The Westobou Festival has taken the town. For ten days, it is impossible to see and do everything from art openings to choral and organ concerts to theater and film to lectures and readings. On Friday night, our choices were jazz, a silent movie or Christine Kane's Concert. I had blogged about Christine. Her concert was in the neighborhood, so it was an easy decision for older daughter and me.
Dusk was fading into night as we walked the block or so to the recently restored historic building. We followed others into the building and looked for seats. We were delighted to be sitting with our old friend Don Rhodes and we chatted about how we knew about Christine and her music. We had not seen her in concert, but Susan and I had found her creativity and motivational blog and then her music. Don had searched for links to the music to get information for his weekly newspaper column.
With Christine Kane, there is no band and no backup, there is just Chris, her voice, her guitar and her words breathed into the space of the music. She sings about unspoken truths which everyone knows is truth -- strong women and Southern nights, perfect vehicles for coming and for leaving, Jazz musicians and falling in love with the wind . . . . From the seat next to me, I heard murmurs of excitement and genuine appreciation and I knew that Don Rhodes -- whose column is the longest running Country Music column in the US, by the way -- had fallen in love with this music during an afternoon of youTube viewing.
We listened to Chris but also to Don as he anticipated phrases, marveled at the guitar playing and the range and texture of her voice. Over almost forty years of writing his Ramblin' Rhodes column, he has interviewed, met or written about everyone who is anybody and some who aren't. That he still had the ability to be enthusiastic about a new voice, made this more than just a Friday concert for us.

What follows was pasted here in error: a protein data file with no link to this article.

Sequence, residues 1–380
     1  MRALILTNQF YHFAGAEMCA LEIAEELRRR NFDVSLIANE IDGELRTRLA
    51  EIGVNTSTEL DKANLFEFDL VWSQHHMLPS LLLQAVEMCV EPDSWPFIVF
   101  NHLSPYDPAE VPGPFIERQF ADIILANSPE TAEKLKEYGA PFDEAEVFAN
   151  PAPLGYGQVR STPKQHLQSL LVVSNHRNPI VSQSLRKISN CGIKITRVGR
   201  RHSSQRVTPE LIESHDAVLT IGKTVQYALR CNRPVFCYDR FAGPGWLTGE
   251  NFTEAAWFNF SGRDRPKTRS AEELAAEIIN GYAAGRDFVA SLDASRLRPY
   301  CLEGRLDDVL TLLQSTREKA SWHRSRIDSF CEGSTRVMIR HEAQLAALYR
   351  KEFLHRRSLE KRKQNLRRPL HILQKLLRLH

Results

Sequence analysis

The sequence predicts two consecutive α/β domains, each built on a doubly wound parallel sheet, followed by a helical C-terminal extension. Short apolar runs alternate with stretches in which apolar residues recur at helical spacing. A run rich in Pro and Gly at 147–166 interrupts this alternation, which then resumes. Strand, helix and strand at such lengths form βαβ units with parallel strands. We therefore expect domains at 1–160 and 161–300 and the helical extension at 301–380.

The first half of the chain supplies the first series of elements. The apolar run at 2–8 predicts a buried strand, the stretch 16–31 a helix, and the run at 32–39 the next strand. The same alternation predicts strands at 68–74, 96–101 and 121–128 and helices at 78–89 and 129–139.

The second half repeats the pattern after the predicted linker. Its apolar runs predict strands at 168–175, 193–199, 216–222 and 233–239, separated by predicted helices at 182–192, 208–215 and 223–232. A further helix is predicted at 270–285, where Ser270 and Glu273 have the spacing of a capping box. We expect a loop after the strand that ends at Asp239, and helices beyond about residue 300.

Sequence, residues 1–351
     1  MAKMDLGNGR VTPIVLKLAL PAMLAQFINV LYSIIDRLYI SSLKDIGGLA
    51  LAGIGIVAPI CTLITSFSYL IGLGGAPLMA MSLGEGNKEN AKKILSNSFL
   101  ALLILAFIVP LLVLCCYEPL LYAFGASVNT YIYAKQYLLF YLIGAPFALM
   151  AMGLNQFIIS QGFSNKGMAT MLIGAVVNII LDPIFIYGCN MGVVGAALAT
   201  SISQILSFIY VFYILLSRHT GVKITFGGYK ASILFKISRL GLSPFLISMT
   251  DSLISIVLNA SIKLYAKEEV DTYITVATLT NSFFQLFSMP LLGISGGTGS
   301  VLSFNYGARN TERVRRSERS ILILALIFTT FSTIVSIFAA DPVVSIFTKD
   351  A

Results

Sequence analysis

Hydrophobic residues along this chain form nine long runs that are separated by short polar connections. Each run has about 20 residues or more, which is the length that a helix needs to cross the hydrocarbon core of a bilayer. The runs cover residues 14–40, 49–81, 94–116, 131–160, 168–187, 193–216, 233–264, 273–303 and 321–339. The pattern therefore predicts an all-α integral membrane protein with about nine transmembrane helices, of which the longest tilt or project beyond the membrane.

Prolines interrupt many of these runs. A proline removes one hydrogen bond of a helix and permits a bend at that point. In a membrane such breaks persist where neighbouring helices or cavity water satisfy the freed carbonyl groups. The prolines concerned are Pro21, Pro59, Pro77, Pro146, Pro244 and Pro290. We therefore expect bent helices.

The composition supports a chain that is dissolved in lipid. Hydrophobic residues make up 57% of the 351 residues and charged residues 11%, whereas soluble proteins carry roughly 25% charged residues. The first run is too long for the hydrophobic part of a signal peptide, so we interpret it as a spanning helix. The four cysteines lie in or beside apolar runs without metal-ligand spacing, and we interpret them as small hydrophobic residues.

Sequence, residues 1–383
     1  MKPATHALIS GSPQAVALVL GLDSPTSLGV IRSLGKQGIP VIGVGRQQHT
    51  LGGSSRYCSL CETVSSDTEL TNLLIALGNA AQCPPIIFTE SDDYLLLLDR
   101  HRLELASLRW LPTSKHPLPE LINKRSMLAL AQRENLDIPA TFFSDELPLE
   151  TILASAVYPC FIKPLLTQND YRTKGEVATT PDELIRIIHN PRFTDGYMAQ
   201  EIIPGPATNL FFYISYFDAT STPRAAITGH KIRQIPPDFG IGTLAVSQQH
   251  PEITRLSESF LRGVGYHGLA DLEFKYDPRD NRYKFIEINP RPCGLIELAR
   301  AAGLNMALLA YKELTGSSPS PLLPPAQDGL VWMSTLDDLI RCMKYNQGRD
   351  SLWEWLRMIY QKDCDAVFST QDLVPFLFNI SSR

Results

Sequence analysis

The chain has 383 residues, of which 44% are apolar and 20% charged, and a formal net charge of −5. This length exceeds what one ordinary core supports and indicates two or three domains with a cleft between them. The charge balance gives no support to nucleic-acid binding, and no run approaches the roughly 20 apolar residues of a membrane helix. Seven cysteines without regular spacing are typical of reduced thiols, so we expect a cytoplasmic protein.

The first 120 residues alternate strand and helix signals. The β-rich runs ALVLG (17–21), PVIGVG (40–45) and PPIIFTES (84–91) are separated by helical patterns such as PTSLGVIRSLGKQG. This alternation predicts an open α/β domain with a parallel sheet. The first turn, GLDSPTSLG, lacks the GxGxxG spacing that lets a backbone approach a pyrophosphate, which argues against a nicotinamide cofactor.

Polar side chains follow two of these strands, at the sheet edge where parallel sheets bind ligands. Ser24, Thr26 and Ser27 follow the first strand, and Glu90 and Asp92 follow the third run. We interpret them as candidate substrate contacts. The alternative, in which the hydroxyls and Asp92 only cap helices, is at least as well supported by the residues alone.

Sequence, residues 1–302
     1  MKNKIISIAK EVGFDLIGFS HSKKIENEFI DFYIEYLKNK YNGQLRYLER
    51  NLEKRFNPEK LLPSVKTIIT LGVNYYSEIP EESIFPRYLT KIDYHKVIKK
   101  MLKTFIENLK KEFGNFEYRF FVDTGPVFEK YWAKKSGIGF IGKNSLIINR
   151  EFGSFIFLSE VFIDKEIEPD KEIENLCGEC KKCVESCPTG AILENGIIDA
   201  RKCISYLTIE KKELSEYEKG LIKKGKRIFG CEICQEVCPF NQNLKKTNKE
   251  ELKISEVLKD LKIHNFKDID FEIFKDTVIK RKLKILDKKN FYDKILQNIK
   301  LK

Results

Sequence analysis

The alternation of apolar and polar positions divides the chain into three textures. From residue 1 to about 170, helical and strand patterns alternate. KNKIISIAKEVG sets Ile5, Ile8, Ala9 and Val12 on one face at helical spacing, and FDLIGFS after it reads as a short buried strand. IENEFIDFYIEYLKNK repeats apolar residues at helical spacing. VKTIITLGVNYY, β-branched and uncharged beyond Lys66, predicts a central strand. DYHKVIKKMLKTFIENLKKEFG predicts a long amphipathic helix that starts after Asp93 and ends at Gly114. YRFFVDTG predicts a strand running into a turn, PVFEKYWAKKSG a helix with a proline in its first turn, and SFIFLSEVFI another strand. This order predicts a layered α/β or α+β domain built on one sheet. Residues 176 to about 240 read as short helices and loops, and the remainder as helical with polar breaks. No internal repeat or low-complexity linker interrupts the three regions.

For me, the experience was like one in my early years of painting. I happened to be at the right place for spending some time with long-time American Watercolor Society President Mario Cooper. As the two of us wandered through a gallery of faculty paintings, he critiqued them for me pointing out design flaws and successes, suggesting good things to mimic in texture and color, and generally showing this new painter how to look at art. It was an opportunity to discover a whole new way of seeing.
Now, thanks to our friend, Don Rhodes, I have a new way of listening.
Don's column about Christine Kane
Christine Kane's Website
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